Nursing home residents make a difference – The overestimation of saving rates at older ages
While life-cycle theory makes the clear prediction that people dissave at old-age, this prediction is not at all borne out by the data from many countries. Various suggestions have been made to explain this discrepancy. In his paper, MEA researcher Michael Ziegelmeyer sheds more light on the effect of the exclusion of institutionalized individuals in estimating saving rates over old-age, a conceptual aspect often mentioned but never investigated. Particularly this group is expected to decumulate wealth since nursing home expenses net of private (and public) insurance exceed disposable income on average.
This paper uses data from the U.S. and Germany to show that there is an increasing overestimation of saving rates from age 75 on if institutionalized households are not included. The effect on aggregate saving rates caused by the exclusion of the nursing home population becomes even more important in the face of population aging. Specifically, this paper quantifies this effect using the Health and Retirement Study (HRS) for the USA. The overestimation of the mean (median) saving rates is 3.3 percentage points (4.3pp) at age 80, 5.4pp (9.4pp) at age 90 and even more for age 90+. Based on the German Income and Expenditure Survey (EVS), the overestimation of the German mean saving rate increases to almost 6pp at age 90. This strong overestimation is based on the fact that nursing home residents strongly reduced their wealth holdings. Referring to the USA, the representative median single nursing home resident reduces wealth holdings by 90% over a two-year period; the representative mean single nursing home resident diminishes total net wealth by 19%. The dissaving is less strong for couples.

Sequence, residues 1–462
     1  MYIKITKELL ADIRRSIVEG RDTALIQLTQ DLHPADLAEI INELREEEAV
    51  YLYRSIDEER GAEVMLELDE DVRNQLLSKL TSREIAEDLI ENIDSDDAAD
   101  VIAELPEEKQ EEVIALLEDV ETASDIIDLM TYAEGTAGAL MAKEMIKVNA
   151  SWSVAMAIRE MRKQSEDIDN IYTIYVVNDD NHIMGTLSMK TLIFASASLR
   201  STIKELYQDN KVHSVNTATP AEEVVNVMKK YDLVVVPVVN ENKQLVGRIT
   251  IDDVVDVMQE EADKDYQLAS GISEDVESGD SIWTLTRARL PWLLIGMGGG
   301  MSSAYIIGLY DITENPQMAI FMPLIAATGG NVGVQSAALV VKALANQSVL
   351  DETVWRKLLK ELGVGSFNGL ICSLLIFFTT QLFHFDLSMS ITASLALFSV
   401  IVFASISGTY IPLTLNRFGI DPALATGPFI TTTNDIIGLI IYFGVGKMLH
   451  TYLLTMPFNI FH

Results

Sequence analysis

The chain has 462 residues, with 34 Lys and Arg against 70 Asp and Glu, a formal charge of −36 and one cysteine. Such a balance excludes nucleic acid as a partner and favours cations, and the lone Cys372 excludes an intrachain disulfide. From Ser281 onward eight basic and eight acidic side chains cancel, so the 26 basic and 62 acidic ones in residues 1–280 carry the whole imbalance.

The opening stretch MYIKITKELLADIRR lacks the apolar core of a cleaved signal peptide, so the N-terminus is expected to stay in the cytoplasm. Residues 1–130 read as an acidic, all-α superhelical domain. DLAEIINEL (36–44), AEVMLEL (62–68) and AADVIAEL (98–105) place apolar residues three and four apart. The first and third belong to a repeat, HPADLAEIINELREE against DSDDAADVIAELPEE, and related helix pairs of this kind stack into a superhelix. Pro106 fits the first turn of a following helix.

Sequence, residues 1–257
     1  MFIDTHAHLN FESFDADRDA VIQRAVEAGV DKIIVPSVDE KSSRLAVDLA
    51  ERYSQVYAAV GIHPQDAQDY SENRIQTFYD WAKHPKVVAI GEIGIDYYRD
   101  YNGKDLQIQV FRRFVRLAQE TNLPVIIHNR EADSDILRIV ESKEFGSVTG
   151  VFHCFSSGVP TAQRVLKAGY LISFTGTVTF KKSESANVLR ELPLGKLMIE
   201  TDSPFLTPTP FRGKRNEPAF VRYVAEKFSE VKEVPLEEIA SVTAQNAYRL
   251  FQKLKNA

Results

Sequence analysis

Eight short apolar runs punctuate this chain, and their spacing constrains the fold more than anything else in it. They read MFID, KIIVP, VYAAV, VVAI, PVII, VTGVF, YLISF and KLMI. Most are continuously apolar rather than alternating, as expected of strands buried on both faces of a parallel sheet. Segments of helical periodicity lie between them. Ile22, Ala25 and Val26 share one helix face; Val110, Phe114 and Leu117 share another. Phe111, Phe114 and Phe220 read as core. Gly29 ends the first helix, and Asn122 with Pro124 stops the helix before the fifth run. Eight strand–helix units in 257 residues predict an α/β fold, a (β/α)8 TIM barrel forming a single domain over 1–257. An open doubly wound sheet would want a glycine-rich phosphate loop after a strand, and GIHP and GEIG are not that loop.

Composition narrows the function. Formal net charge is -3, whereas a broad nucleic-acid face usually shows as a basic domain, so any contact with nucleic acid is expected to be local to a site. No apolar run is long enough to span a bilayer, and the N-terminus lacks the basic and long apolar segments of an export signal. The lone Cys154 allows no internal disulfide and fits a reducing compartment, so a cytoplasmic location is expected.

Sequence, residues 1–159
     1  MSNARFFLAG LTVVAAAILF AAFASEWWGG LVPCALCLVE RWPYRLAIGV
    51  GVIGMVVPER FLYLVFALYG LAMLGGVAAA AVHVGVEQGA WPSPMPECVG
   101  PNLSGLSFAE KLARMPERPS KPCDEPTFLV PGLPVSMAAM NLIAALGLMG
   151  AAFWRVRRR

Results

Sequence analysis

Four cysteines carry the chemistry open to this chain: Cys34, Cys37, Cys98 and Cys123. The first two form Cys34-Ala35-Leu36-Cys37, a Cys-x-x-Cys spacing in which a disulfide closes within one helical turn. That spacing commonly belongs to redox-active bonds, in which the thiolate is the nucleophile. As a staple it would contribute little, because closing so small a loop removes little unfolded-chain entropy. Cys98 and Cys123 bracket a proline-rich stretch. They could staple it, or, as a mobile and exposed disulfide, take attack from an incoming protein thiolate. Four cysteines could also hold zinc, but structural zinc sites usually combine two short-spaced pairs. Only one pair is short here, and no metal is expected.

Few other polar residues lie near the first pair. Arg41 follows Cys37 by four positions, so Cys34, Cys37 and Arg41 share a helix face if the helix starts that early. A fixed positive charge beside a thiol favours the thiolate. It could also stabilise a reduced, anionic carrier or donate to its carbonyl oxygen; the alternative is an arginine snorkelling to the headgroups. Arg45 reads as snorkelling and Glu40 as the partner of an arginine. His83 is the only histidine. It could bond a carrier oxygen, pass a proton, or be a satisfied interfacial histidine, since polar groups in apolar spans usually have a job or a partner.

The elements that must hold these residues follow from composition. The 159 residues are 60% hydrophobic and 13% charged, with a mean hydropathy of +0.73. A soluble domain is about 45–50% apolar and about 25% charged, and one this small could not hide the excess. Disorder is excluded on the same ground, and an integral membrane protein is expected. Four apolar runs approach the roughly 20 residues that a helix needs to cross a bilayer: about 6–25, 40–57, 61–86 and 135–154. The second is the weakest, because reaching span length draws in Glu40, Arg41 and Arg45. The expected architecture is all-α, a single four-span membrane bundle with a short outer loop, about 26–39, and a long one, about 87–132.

Nursing Home Residents make a Difference - The Overestimation of Saving Rates at Older Ages
MEA Discussion Paper 210-10 Ziegelmeyer, Michael
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